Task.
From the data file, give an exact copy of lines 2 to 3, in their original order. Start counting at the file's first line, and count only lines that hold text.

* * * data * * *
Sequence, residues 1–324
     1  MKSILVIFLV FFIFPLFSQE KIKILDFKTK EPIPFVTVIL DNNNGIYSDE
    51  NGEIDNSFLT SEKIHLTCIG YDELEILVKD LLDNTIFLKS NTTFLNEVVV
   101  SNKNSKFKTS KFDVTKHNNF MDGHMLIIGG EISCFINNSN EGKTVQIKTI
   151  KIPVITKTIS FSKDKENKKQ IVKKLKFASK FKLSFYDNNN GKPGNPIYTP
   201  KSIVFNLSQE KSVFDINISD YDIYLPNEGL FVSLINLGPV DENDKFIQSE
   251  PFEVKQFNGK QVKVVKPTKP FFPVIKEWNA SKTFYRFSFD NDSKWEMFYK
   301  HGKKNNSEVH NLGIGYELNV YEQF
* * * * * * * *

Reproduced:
     1  MKSILVIFLV FFIFPLFSQE KIKILDFKTK EPIPFVTVIL DNNNGIYSDE
    51  NGEIDNSFLT SEKIHLTCIG YDELEILVKD LLDNTIFLKS NTTFLNEVVV